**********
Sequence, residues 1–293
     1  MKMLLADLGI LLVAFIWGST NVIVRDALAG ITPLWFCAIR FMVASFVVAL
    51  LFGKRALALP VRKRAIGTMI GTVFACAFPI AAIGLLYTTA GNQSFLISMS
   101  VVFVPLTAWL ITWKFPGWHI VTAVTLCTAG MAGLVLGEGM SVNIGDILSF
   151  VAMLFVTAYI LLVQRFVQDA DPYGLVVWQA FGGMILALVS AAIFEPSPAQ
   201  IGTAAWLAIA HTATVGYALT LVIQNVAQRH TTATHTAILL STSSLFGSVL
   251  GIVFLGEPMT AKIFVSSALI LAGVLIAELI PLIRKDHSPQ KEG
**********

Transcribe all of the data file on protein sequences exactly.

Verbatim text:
Sequence, residues 1–293
     1  MKMLLADLGI LLVAFIWGST NVIVRDALAG ITPLWFCAIR FMVASFVVAL
    51  LFGKRALALP VRKRAIGTMI GTVFACAFPI AAIGLLYTTA GNQSFLISMS
   101  VVFVPLTAWL ITWKFPGWHI VTAVTLCTAG MAGLVLGEGM SVNIGDILSF
   151  VAMLFVTAYI LLVQRFVQDA DPYGLVVWQA FGGMILALVS AAIFEPSPAQ
   201  IGTAAWLAIA HTATVGYALT LVIQNVAQRH TTATHTAILL STSSLFGSVL
   251  GIVFLGEPMT AKIFVSSALI LAGVLIAELI PLIRKDHSPQ KEG